It’s undeniable that online learning enables companies to reach more students quicker, costs less and provides a convenient way for people to learn from wherever they have an internet connection. In my experience, the effectiveness of online learning very much depends on the way the course is designed. I have sat through some horribly boring online courses and webinars. A relentless montage of clip-art laden, PowerPoint slides with little to no interaction. My mind would wander off onto more interesting things, I would check my emails, look up a recipe for dinner, and send a tweet complaining about my impending death by PowerPoint.
However, when done well, online courses can be just as good as classroom training and offer many additional benefits. We live in a busy world. Time is money and money is time. We don’t necessarily have the bandwidth to spend an entire day in a classroom with a trainer learning Excel. Particularly if we are only really interested in the 40% of Excel that we don’t know. We spend half a day sitting through the basics before we get to the good stuff! It’s not an effective use of anyone’s time.
At Filtered, we’ve thought about this problem a lot. How can we get to a place where online training is tailored to each user, only delivering the content they need to know? This was the question that our business was built around. Our online courses are broken down into short, 5 minute modules. To give you an idea, our Excel 2013 course contains 160 modules. Bite-sized. Easy to consume! Tasty!
Before you start our courses, you take a comprehensive test. The data you provide is fed into our patented algorithm developed by our in-house data science team and compared against a number of criteria. The course is then ‘filtered’ (see what we did there?). The modules you already know are removed, leaving you with a syllabus comprised of just the ‘stuff’ you need to know. The modules are short and easy to digest and it’s entirely up to you the speed you work through them. Throw in demo videos, engaging voiceovers, multiple choice test questions, downloadable practice exercises and poll questions, and there is plenty to keep you interested.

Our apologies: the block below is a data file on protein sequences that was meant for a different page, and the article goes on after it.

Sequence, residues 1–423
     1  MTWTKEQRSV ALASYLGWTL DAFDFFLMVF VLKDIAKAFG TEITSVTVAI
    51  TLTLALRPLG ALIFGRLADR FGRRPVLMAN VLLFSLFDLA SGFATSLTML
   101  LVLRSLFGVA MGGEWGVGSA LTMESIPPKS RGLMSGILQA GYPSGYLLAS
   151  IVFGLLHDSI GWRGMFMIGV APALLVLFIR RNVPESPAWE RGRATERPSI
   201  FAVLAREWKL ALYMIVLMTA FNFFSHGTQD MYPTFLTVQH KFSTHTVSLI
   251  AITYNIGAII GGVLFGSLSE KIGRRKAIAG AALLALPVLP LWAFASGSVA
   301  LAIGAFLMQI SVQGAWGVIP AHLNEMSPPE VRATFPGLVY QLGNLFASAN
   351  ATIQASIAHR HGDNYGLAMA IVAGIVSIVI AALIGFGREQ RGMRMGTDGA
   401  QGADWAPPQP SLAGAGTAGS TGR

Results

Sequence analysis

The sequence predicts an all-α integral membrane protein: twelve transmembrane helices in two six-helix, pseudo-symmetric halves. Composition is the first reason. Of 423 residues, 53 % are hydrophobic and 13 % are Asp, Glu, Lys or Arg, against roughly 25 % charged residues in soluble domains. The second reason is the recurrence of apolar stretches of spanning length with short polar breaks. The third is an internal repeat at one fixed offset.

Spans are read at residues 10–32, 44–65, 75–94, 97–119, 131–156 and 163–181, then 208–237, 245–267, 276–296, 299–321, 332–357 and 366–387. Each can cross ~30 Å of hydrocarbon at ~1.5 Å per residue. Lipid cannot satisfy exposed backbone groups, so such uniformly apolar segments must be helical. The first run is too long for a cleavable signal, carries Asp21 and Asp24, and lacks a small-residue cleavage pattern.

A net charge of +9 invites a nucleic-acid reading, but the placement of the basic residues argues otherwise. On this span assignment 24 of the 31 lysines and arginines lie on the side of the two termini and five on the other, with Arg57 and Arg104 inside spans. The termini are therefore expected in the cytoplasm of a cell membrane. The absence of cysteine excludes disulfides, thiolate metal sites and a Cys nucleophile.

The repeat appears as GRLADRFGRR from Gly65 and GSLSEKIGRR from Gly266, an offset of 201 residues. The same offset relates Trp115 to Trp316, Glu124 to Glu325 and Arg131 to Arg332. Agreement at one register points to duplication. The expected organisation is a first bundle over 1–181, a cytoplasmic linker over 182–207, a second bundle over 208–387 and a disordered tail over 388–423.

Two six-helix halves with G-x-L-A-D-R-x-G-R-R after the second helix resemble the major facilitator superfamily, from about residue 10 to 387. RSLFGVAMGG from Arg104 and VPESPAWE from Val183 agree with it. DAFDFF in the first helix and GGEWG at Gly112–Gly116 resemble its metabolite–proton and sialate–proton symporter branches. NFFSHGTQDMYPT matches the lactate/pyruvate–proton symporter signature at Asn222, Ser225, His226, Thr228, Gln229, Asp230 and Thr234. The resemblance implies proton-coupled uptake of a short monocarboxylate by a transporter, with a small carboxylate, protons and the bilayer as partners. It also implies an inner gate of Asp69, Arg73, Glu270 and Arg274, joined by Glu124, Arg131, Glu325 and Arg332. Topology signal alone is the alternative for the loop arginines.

Whilst there are still so many benefits to face to face classroom training, online training is the method of choice for many people. Whether you are a student, someone returning to work after a break, a stay at home mum or someone who just loves to learn, the flexibility and cost effectiveness of online courses is what pushes the latter over the finish line first.
I hope you enjoyed my post. Feel free to share any thoughts you have in the comments section below. And before you shoot off, I recommend you check out this latest post by our Head of Development, Sam Hennessy on the incorporation of chatbots into Learning & Development. It’s a great read!
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This post is part of a series that my colleagues and I at Filtered are working on. It’s broadly about how recommendations help us to make sense of all the content clutter, especially in learning. Have a look at our other posts here.
Also, we’ve recently launched a free new tool to provide personalized learning experiences for L&D and HR professionals called globalfilter for L&D. It's an online recommendation engine with over 180 high-quality learning assets to read, watch, practice and apply for our industry. Click on the link above to try it out.